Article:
July 27, 2013

Why "Me and Jezebel" Isn't for Me

We're all obsessed with celebrity these days and almost everyone (me included) has a story to tell about an encounter with one. Writer Elizabeth Fuller’s was with the movie star Bette Davis and she turned it into a book and then a play, both called Me and Jezebel. Readers seem to have loved the book; it’s got five stars on Amazon.com and earlier this year, one Goodreads’ reviewer declared “I challenge anyone to read this and not laugh at Bette's witty ripostes and much-earned wisdom.”

The play has fared less well. Wen it opened in 1994, New York Times critic David Richards wrote “this gossipy evening is just a string of anecdotes that goes on too long and amounts to too little.”  That’s even more true with the wan revival that opened at The Snapple Theater this week. 
I’ve no idea why the producers decided to bring this show back. The original’s reviews weren’t encouraging.  Davis, who died in 1989, is less familiar to audiences today who cheer on Meryl Streep and Helen Mirren in the kinds of strong-woman roles she helped pioneer.   

Meanwhile, the camp followers who might have been the show’s natural constituency are busy making wedding plans or lobbying for the right to get hitched in all 50 states.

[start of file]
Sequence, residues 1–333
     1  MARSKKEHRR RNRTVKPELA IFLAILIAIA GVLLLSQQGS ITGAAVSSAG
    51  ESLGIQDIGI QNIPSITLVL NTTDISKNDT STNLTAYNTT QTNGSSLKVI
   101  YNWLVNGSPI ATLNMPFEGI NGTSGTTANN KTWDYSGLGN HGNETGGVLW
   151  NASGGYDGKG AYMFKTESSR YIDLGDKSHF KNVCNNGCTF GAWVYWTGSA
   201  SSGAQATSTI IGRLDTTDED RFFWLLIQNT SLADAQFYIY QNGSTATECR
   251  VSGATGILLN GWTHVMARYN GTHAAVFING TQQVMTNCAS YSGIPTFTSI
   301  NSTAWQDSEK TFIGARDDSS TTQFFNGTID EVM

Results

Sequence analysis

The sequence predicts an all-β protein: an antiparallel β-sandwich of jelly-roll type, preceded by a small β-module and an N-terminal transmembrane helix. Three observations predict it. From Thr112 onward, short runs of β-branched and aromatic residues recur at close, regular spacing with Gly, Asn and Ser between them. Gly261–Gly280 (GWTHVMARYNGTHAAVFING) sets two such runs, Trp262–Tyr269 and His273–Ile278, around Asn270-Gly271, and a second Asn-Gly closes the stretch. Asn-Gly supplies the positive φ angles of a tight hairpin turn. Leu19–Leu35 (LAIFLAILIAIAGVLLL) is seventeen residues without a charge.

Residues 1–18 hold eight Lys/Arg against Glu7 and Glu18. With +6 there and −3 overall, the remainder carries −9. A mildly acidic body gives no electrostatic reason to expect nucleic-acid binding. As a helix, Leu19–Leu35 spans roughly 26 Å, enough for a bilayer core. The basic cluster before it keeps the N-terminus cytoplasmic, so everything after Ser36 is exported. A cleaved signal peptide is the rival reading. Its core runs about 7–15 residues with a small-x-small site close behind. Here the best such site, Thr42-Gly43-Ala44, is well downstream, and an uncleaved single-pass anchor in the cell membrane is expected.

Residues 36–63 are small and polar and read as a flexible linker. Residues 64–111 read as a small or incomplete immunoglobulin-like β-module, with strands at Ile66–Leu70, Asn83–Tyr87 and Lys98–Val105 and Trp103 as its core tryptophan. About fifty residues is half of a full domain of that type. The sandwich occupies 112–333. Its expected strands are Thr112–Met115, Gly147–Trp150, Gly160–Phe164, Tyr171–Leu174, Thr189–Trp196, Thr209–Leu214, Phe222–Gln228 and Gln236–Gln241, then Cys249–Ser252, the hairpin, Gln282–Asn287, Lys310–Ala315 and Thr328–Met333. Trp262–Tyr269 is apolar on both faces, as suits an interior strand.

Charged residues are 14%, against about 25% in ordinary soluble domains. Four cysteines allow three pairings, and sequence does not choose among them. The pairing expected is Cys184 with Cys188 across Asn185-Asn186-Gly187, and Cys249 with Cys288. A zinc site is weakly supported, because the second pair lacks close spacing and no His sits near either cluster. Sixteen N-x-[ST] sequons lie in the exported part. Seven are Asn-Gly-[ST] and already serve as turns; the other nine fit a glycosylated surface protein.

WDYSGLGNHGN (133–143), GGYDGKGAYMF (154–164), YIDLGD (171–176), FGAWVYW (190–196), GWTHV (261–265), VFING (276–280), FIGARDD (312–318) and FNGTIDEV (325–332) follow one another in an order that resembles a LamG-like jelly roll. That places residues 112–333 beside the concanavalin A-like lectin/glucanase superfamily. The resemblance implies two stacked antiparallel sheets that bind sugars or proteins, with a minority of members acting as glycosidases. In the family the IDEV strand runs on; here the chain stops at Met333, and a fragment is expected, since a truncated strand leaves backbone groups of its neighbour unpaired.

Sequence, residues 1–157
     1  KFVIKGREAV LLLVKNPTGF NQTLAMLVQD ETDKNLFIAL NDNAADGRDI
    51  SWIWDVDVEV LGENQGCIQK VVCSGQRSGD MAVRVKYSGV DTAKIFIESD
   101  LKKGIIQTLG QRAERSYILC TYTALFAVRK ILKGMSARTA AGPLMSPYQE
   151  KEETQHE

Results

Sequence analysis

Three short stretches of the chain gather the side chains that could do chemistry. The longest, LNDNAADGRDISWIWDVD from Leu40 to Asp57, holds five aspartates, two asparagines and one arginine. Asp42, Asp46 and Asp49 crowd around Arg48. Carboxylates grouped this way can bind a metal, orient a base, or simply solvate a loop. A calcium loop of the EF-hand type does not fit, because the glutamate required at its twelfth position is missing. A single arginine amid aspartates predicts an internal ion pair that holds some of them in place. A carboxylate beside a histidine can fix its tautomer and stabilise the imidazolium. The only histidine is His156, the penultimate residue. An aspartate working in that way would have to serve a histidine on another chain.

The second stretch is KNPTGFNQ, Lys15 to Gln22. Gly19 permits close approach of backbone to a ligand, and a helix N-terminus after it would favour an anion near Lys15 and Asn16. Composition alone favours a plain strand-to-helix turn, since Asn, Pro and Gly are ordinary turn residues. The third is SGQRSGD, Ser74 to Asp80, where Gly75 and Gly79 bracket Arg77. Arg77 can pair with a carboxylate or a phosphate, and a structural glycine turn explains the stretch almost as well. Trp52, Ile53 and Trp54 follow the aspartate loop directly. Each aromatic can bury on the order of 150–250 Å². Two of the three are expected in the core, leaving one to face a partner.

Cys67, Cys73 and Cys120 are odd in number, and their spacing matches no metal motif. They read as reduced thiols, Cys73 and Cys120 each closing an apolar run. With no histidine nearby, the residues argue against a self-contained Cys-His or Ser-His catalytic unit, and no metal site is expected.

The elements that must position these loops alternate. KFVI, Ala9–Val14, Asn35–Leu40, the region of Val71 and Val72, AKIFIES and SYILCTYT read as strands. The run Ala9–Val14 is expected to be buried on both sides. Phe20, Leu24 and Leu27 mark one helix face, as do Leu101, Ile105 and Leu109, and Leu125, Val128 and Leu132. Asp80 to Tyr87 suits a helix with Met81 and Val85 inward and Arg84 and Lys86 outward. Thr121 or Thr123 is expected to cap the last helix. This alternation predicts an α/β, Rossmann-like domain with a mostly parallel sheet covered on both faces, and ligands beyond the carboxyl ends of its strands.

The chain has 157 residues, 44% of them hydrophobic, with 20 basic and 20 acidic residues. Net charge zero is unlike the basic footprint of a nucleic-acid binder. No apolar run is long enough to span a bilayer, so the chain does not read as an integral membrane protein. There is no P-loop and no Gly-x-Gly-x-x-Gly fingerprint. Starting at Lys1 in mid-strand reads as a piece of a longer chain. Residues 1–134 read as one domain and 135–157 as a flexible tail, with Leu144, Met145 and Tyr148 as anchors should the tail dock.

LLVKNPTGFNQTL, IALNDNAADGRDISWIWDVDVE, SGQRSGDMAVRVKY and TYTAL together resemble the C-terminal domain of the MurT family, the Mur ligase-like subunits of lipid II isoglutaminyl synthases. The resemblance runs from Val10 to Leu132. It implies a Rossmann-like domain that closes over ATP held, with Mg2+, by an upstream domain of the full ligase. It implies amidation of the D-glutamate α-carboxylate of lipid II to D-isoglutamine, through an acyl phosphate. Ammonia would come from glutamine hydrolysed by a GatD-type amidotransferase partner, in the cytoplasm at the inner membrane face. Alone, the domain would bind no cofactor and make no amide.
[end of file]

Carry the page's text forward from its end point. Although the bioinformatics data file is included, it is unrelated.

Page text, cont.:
The people in the audience the night my friend Jesse and I saw the show seemed totally bemused by it. They looked to be tourists whose tour package included a voucher to see a show and I’m not sure most of them knew what they'd be seeing or even who Davis was.

The story of Me and Jezebel (the title refers to Davis’ second Oscar-winning role) centers around the actress’s request to spend a couple of nights with Fuller and her family during a hotel strike in New York.  The two women had only recently met but Fuller is thrilled with the idea of playing host to a movie star. Then, in The Man Who Came To Dinner fashion, Davis stays on far longer than expected.  Hilarity is supposed to ensue.

As she did in the original production, Fuller plays herself. Davis is played by Kelly Moore, a male actor whose bio says he has “brought Bette Davis to life for the past 17 years, from Key West to Kansas City and Connecticut to Sydney.”  

Fuller fluffed a few lines at our performance.  But Moore is pretty good at his job. Alas, the dialog in this two-hander strains to include all the Davis one-liners that drag queens, cigarettes waving in the air, have been braying for years and it’s hard for him to move beyond those clichés.

Plus, the show has the misfortune to follow closely on the heels of Bette Midler’s amusing portrayal of the Hollywood agent Sue Mengers in I’ll Eat You Last and Michael Urie’s brilliant rendering of Barbra Streisand in Buyer & Cellar, both of which give the sense that we're learning something more about the person beneath the celebrated façade. Me and Jezebel stays flat-footedly on the surface.

I feel badly about dumping on this little show.  Both Fuller and Moore clearly want to entertain.  But while Me and Jezebel may be innocuous, it’s also vacuous.

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